Uncomfortable Conversations … that become solutions

Posted in: News, Nonviolence, Peacebuilding, Resources
Sarah Beaulieu at the HBO premier of The Uncomfortable Conversation video screening

Sarah Beaulieu at the HBO premier of The Uncomfortable Conversation video screening.

When Sarah Beaulieu’s delivered a TEDx talk in 2016 on the topic of sexual violence, the talk received such response she started an organization: Uncomfortable Conversation. A few months ago, Sarah hosted a screening of Uncomfortable Conversation videos at HBO (Home Box Office) headquarters in Manhattan, followed by a panel discussion and engagement with the filled auditorium.

What Sarah is attempting to achieve is to help all of us talk our way through those difficult moments that could take a turn and become violent. It is through training that we learn these skills. It’s what Diana Wege’s NICE program is attempting to do in schools. Helping students learn how to work through difficult situations.

We wanted to share with you a blog Sarah recently posted:

“Yesterday, I got on a train to head home and walked into the middle of a brewing altercation between two men.

I’m sure you’ve seen something like this before, right? An aggressive, angry person picks a target and a fight.

You can probably guess what happened next. I intervened. I struck up a conversation with the person being targeted and engaged several other women around me as well. Together we let him know we saw what had happened and didn’t think it was okay. And we offered to walk him off the train, away from the aggressor.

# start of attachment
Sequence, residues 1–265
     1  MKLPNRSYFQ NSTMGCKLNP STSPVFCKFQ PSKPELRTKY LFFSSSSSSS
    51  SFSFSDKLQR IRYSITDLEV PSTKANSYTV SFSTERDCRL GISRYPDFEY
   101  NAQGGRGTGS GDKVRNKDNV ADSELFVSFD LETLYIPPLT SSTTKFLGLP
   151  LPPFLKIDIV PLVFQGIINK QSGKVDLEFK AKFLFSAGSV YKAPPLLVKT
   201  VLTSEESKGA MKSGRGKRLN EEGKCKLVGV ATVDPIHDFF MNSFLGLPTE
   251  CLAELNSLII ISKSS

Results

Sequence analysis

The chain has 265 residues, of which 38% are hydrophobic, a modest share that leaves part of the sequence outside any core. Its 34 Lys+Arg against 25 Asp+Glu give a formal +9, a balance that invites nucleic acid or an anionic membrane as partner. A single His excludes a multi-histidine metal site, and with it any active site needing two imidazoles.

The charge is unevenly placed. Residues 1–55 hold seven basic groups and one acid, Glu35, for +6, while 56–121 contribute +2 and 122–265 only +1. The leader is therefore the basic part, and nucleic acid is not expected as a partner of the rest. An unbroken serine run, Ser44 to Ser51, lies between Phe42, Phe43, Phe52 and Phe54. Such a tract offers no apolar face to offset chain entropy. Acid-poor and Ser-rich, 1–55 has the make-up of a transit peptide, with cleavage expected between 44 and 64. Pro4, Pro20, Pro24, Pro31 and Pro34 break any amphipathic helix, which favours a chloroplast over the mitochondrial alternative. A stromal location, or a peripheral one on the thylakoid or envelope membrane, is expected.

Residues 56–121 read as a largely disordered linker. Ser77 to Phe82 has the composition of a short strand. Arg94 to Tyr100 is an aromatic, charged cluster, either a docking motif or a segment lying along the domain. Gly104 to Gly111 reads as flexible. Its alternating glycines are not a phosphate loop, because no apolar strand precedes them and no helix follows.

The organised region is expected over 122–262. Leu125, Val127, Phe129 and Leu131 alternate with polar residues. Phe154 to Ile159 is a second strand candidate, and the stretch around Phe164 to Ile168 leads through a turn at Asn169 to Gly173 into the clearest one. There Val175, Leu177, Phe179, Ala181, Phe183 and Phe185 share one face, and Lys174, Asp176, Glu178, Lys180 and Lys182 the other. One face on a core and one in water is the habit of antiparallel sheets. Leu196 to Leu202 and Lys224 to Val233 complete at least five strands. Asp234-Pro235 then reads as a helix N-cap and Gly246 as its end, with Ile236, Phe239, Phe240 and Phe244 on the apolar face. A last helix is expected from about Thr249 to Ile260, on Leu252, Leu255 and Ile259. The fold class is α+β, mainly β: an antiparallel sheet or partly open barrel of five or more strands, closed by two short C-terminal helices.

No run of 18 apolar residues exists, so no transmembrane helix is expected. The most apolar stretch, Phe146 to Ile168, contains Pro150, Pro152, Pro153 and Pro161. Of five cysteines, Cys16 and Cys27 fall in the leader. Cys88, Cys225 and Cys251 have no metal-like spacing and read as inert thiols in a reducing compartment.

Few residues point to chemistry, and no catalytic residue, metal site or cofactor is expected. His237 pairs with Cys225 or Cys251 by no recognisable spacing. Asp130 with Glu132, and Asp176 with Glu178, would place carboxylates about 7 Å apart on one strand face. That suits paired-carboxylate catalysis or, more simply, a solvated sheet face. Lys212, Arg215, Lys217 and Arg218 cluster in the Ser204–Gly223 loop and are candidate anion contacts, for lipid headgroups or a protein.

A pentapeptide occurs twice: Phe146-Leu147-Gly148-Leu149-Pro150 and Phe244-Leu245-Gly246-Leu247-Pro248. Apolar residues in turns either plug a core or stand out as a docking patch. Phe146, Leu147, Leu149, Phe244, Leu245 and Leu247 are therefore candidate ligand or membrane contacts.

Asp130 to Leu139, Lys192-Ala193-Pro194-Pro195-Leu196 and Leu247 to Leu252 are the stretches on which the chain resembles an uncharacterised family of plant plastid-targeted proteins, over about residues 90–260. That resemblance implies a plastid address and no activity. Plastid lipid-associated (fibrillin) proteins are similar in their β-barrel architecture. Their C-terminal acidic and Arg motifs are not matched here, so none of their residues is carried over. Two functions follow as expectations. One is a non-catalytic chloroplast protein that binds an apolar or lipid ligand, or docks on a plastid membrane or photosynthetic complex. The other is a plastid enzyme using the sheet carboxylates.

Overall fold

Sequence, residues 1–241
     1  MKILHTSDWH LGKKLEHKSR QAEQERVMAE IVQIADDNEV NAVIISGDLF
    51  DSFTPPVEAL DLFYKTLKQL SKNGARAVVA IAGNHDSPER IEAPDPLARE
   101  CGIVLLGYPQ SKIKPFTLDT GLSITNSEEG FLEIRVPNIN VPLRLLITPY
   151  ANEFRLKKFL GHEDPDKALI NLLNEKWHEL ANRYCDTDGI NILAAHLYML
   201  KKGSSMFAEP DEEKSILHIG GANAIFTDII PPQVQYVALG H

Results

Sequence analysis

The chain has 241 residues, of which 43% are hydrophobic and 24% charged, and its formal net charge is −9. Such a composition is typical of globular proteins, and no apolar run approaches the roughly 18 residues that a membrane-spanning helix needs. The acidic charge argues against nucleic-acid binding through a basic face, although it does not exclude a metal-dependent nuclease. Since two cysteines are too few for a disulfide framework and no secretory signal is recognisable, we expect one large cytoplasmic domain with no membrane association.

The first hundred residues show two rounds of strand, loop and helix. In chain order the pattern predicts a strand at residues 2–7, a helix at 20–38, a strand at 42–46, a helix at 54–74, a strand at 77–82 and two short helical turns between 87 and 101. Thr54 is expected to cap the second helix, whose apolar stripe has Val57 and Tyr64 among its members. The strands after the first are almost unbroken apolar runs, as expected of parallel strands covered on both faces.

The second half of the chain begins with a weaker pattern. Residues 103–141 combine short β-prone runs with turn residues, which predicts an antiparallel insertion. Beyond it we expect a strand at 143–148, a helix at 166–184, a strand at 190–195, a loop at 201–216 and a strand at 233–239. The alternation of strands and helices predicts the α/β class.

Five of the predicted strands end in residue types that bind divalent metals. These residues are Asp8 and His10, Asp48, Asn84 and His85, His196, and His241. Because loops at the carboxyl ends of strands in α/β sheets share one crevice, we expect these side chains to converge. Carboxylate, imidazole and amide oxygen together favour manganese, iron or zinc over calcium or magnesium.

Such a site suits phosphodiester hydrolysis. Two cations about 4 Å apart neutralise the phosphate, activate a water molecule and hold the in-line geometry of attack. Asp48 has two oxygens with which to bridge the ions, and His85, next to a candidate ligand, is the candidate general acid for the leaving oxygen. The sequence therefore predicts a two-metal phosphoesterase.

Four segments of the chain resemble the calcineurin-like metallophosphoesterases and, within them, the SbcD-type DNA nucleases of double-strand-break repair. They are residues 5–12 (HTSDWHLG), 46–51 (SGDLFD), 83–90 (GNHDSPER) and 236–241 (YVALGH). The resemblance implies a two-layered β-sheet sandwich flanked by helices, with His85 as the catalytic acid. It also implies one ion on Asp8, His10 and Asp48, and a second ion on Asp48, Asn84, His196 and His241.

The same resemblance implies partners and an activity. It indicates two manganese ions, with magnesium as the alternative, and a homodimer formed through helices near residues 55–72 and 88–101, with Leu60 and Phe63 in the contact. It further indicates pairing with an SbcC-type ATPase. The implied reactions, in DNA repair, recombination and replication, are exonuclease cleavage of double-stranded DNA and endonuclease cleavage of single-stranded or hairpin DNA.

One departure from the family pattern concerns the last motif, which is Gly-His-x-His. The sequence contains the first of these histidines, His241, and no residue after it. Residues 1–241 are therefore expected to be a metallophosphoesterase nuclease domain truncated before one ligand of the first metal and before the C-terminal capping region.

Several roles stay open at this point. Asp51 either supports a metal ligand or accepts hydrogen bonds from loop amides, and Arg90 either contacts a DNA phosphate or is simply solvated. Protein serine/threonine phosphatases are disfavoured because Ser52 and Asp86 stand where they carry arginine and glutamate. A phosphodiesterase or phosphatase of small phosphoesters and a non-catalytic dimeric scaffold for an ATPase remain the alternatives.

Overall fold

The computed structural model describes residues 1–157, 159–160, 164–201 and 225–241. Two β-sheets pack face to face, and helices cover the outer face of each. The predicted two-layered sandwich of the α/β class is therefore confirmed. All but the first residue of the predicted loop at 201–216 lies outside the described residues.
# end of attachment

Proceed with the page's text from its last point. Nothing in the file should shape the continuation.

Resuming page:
Other than the four of us, there were probably about two dozen people on the train who witnessed what happened and stayed completely silent.

Honestly, I don’t blame them. The threat of physical violence is all too real, and scary to people of all genders. I was terrified the whole time. There’s no way to know whether an aggressor has a weapon or an intention to hurt as many people as they can. But I also knew that the bystanders are the ones with the power, especially when we band together. And I’d had a chance to practice the simple conversation skills, so I was prepared to use them, even in a stressful and scary way.

My intervention on the train was textbook bystander intervention. I’ve been trained in it, and the training actually works. If your school or employer hasn’t trained you in it, you don’t have all the tools you need to keep the people in your work or campus community safe.”

Visit The Uncomfortable Conversation’s website to support their cause and their YouTube channel for insightful and engaging videos.

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